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ERIC Number: ED527858
Record Type: Non-Journal
Publication Date: 2006-Dec
Pages: 39
Abstractor: ERIC
Reference Count: 67
ISBN: N/A
ISSN: N/A
Media Multitasking among American Youth: Prevalence, Predictors and Pairings
Foehr, Ulla G.
Henry J. Kaiser Family Foundation
In the past, multitasking was a juggling act performed by busy adults, as they tried to manage jobs, chores, carpools, and PTA meetings. But recently, teens and tweens have turned into the real experts at multitasking, as their lives become chock-full of organized activities. For them, multitasking has simply become a way of life: "If I couldn't multitask, I couldn't do what I do... I'd have to cut a sport, or cut a class" says one high school junior (Hafner, 2001). With the exception of anecdotal evidence and a few surveys, researchers have little information about the extent and nature of adolescent media multitasking. The questions the researchers are investigating are new: questions such as "How prevalent is media multitasking?" "Who is media multitasking?" "Is media multitasking behavior related to other media behaviors or personal characteristics?", and "Which activities are most often multitasked?" Two major findings emerge from this research regarding the pairing of media. First, it is evident that when watching TV, a young person is not usually media multitasking (indeed, is less likely to be multitasking than when using any other medium), but when a young person is media multitasking there is likely television involved. Second, computer activities are the most multitasked activities in this study and, unlike the situation with television, music or reading, most of computer time devoted to secondary activities is overwhelmingly media-based. This research also suggests that some young people are more likely to media multitask than others. Certainly more research is needed to understand the nuances of likelihood to media multitask, but the current findings can guide individuals in their search for more detailed answers. Young people who are exposed to the most media, those who have a computer and can see a television from it, those who are sensation seekers, those who live in highly TV-oriented households, and girls (more than boys) are all more likely to media multitask. These characteristics seem to point to two factors that may drive media multitasking: a need, or a motivation, to media multitask (to fit in everything they want to do), and the opportunity to media multitask. Methodology is appended. (Contains 9 tables, 6 figures and 18 endnotes.)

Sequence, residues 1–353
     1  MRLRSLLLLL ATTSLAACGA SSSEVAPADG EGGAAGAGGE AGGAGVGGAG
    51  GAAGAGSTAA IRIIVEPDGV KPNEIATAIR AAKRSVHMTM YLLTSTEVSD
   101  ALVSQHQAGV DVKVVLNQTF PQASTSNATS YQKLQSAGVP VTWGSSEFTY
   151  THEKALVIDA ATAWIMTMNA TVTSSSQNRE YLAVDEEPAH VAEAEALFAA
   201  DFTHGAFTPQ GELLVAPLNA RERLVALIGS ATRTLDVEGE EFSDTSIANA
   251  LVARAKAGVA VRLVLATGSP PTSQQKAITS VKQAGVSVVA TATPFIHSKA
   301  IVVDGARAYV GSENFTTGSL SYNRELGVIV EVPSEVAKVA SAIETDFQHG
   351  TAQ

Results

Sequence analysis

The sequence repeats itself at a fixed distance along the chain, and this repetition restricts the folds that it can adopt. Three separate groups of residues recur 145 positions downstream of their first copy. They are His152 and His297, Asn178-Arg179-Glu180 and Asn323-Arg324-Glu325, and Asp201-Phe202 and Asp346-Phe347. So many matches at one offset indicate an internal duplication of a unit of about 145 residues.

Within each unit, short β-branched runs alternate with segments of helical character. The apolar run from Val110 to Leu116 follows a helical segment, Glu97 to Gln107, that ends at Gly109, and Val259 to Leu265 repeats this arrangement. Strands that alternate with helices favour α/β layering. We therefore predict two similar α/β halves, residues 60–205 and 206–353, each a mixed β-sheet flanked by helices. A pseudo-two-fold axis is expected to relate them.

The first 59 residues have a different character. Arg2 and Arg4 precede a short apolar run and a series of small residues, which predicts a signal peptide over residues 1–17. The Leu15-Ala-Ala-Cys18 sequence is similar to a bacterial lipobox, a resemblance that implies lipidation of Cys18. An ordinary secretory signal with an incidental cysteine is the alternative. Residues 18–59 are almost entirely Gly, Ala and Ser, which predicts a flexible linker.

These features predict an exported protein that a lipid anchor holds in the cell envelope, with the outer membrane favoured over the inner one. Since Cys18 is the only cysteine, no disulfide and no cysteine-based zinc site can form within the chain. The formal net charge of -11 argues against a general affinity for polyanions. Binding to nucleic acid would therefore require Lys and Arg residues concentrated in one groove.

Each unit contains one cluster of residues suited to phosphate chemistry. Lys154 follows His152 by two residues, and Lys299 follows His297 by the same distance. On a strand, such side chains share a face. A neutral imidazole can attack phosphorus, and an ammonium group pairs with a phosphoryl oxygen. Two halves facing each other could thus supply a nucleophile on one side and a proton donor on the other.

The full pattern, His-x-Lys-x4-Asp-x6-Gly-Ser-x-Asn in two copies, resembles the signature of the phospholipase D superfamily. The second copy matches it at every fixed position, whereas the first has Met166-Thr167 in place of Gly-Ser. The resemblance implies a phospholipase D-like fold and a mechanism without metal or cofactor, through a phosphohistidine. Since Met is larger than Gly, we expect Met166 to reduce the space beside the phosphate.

Henry J. Kaiser Family Foundation. 2400 Sand Hill Road, Menlo Park, CA 94025. Tel: 650-854-9400; Fax: 650-854-4800; Web site: http://www.kff.org/entmedia/
Publication Type: Reports - Evaluative
Education Level: Secondary Education
Audience: N/A
Language: English
Sponsor: N/A
Authoring Institution: Henry J. Kaiser Family Foundation